> Relativism demands that you do not reach certain conclusions (or at
          > least not to forcefully) because it may offend people.

          Relativism really is not about giving or not giving offense; it is about
          the basis of judgment. No cross-cultural judgment is possible without
          asserting the superiority of one set of values over all others. How are we
          to decide whose values are superior? Antonio and Bill have made the
          judgement that the values of naturalism are superior to all other values.
          Theirs is the view that the values of "science" transcend all cultural
          particulars and form an objective, "etic" view that transcends all
          culture-bound "emic" views. Except that I'm not quite sure how Bill
          entertains this somewhat positivist view of the universe with what he knows
          about postmodernism (which he knows more about than I do). I thought that
          postmodernism had shown that positivism was merely a western belief system
          with pretensions of superiority. Perhaps he will explain.

          >...I assume in HJS we use the scholarly standards of appeal to evidence
          >and reason, not to authority. I assume we also expect formaly presented
          >work to clearly and meticulously presented so that evidence appealed to
          >can be checked, and reasons examined. Given this, what other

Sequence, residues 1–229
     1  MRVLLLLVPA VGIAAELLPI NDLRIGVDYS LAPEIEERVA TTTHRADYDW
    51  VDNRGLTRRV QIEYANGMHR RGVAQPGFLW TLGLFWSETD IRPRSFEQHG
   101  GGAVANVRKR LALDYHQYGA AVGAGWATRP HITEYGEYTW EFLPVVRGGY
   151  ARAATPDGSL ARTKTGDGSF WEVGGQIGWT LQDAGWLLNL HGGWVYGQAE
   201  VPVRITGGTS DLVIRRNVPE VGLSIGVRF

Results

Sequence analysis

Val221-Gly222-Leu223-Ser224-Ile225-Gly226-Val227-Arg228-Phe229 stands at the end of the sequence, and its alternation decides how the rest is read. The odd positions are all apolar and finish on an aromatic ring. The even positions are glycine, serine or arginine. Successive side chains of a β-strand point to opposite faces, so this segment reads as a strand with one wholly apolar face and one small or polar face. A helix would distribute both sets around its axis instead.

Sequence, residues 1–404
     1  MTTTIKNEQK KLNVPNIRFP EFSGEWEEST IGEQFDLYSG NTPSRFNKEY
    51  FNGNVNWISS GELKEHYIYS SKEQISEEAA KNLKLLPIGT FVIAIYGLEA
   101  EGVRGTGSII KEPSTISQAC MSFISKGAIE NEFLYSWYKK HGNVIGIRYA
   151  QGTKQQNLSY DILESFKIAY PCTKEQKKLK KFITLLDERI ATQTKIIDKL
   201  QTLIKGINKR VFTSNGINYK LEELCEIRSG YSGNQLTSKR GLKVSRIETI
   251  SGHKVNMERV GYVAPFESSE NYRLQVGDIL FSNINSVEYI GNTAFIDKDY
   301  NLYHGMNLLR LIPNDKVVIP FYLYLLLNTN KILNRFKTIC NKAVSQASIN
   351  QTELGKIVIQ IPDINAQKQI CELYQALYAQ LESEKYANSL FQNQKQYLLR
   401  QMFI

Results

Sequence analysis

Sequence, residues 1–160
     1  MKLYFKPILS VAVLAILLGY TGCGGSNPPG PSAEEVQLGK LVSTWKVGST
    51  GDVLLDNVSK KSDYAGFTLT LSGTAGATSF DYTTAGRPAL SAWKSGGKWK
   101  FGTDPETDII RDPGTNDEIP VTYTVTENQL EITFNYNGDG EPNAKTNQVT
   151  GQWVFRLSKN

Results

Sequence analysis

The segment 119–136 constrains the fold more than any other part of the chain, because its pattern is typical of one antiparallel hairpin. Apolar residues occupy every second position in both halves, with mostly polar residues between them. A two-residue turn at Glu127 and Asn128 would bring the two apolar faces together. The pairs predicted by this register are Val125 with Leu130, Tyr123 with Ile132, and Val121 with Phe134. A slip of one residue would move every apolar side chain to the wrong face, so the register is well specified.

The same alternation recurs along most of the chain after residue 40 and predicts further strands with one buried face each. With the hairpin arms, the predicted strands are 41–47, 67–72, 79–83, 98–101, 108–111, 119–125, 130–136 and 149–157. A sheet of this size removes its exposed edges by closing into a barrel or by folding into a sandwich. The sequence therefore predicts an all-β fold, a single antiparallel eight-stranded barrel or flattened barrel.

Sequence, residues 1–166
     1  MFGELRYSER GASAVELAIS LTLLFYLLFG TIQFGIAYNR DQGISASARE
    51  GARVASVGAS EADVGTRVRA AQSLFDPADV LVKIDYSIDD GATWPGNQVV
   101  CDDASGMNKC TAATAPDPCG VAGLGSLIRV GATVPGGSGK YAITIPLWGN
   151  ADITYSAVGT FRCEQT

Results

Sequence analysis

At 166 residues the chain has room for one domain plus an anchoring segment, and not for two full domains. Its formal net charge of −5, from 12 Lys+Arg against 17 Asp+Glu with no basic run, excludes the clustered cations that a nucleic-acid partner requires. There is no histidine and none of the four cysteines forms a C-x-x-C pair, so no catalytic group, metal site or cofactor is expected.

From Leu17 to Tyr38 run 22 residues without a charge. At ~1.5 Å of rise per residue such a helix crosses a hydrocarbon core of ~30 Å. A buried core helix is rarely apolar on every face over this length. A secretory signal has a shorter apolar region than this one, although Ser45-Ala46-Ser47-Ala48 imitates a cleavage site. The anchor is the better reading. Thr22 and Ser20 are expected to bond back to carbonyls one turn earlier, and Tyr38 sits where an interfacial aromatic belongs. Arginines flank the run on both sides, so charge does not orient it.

>methodological standard should we impose? I think there is a simple test,
          >any additional standard is bad unless it is redundant. A standard is
          >redundant, of course, only if in the long term it does not effect the
          >results of the enquiry. Therefore any standard that passes this test may
          >be a good strategy, in that it speeds up the enquiry, but at need we can
          >do with out it.

          Well, there is a tendency (e.g., the introduction to The Five Gospels) to
          maximize rather than minimize the methodological standards. You seem to be
          content with an irreducible minimum. Critical scholarship often seems more
          interested in the unexpandable maximum.


          >...In making my case I have used two assumptions. The first is that
          >theories are tested against other theories. ...

          You put it better earlier: Theories are to be tested against *evidence,"